Phoenix and MRO coordinated atmospheric measurements
Article first published online: 14 MAY 2010
Copyright 2010 by the American Geophysical Union.
Journal of Geophysical Research: Planets (1991–2012)
Volume 115, Issue E5, May 2010
How to Cite
2010), Phoenix and MRO coordinated atmospheric measurements, J. Geophys. Res., 115, E00E17, doi:10.1029/2009JE003415., et al. (
- Issue published online: 14 MAY 2010
- Article first published online: 14 MAY 2010
- Manuscript Accepted: 2 NOV 2009
- Manuscript Revised: 19 OCT 2009
- Manuscript Received: 1 MAY 2009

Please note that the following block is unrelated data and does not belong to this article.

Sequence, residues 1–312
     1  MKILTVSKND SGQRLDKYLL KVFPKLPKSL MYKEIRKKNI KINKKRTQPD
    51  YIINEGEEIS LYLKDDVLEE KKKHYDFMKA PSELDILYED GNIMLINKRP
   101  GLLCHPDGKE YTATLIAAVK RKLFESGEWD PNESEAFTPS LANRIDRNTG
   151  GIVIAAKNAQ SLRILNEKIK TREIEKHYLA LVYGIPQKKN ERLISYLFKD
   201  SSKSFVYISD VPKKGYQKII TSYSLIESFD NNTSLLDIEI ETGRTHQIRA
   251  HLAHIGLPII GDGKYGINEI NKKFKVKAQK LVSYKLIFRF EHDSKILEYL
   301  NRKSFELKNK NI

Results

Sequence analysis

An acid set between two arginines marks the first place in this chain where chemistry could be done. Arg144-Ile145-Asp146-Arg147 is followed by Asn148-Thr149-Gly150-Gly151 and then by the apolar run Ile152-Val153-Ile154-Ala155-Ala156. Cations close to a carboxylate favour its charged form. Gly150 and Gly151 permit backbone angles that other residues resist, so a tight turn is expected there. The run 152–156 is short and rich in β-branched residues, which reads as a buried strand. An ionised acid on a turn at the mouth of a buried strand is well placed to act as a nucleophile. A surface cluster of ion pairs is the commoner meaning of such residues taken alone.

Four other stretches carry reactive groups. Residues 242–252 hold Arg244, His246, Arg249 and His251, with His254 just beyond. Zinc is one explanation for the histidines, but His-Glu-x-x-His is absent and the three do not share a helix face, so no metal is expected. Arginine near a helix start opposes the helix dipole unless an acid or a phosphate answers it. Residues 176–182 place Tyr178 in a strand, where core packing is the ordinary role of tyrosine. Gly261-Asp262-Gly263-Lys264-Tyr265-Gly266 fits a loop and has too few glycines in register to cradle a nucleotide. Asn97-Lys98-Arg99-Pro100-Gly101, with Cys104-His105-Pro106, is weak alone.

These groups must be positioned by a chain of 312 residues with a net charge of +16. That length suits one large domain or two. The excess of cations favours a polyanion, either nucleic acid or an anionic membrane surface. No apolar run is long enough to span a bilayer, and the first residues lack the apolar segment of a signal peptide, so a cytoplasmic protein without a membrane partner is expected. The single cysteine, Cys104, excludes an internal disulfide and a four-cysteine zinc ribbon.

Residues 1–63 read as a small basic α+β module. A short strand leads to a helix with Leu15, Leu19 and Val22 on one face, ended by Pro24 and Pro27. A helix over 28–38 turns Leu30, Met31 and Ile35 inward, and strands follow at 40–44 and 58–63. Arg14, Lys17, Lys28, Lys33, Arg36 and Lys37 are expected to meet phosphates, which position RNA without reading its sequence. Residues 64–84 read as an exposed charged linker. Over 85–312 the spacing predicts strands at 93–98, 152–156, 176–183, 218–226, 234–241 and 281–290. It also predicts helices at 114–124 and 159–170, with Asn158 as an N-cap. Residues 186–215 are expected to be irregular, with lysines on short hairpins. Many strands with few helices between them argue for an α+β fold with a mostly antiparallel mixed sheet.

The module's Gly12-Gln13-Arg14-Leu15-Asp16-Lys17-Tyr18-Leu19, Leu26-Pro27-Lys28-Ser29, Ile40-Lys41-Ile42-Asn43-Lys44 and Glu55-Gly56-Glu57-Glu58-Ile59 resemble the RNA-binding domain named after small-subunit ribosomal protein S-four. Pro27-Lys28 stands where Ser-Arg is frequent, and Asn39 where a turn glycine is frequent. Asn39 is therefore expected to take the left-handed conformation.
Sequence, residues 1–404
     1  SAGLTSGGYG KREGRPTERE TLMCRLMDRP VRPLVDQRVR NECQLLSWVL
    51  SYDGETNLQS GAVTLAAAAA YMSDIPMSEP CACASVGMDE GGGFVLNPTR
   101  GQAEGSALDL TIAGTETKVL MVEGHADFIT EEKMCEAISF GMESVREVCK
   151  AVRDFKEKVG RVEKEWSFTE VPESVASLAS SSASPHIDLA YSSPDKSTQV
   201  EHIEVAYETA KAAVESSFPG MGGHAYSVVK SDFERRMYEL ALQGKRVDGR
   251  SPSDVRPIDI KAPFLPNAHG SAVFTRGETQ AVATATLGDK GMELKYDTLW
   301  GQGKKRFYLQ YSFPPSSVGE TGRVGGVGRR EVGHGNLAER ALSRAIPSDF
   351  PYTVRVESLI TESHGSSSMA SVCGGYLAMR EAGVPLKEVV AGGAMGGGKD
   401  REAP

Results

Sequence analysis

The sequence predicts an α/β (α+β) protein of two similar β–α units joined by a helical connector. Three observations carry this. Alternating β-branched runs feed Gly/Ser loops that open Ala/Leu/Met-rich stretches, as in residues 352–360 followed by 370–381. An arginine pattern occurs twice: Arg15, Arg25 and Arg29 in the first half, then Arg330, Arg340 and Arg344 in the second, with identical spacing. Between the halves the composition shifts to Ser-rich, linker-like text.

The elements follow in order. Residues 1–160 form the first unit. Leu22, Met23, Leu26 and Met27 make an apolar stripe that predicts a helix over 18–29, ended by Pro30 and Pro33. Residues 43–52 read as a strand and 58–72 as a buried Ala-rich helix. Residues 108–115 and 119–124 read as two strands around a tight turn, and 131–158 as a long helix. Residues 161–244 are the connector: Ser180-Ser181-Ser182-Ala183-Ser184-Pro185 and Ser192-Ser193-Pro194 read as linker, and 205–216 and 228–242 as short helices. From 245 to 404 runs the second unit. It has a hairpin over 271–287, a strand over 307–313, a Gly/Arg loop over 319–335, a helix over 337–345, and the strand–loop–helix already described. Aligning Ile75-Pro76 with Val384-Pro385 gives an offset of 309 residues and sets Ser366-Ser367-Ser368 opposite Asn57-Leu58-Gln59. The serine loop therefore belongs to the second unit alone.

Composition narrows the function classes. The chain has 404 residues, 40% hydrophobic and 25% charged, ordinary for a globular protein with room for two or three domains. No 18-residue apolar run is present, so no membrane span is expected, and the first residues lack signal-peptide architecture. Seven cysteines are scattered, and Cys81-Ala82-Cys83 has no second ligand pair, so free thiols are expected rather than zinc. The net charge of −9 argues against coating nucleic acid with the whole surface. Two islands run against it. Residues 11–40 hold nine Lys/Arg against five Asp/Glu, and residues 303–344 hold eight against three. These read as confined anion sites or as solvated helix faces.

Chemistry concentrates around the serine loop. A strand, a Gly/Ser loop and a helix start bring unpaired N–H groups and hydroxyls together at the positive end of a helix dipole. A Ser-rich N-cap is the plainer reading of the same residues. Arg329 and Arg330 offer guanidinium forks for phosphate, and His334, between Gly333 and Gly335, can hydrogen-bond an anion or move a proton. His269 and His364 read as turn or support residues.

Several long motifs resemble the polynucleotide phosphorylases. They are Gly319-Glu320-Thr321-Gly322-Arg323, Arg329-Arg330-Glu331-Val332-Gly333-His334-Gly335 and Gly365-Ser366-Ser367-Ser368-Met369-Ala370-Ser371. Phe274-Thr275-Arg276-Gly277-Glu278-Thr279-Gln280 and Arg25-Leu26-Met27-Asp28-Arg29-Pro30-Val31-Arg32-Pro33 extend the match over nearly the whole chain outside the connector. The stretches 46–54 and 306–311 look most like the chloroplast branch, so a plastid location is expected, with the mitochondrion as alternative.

The Phoenix and Mars Reconnaissance Orbiter (MRO) missions collaborated in an unprecedented campaign to observe the northern polar region summer atmosphere throughout the Phoenix mission (25 May to 2 November 2008; Ls = 76°–150°) and slightly beyond (∼Ls = 158°). Five atmospherically related campaigns were defined a priori and were executed on 37 separate Martian days (sols). Phoenix and MRO observed the atmosphere nearly simultaneously. We describe the observation strategy and history, the participating experiments, and some initial results. We find that there is general agreement between measurements from different instruments and platforms and that complementary measurements provide a consistent picture of the atmosphere. Seasonal water abundance behavior matches with historical measurements. Winds aloft, as measured by cloud motions, showed the same seasonally consistent, diurnal rotation as the winds measured at the lander, during the first part of the mission (Ls = 76°–118°). A diurnal cycle recorded from Ls ∼ 108.3°–109.1°, in which a dust front was approaching the Phoenix Lander, is examined in detail. Cloud heights measured on subsequent orbits showed that in areas of active lifting, dust can be lofted quite high in the atmosphere, doubling in height over 2 h. The combination of experiments also revealed that there were discrete vertical layers of water ice and dust. Water vapor column abundances compared to near-surface water vapor pressure indicate that water is not well mixed from the surface to a cloud condensation height and that the depth of the layer that exchanges diurnally with the surface is 0.5–1 km.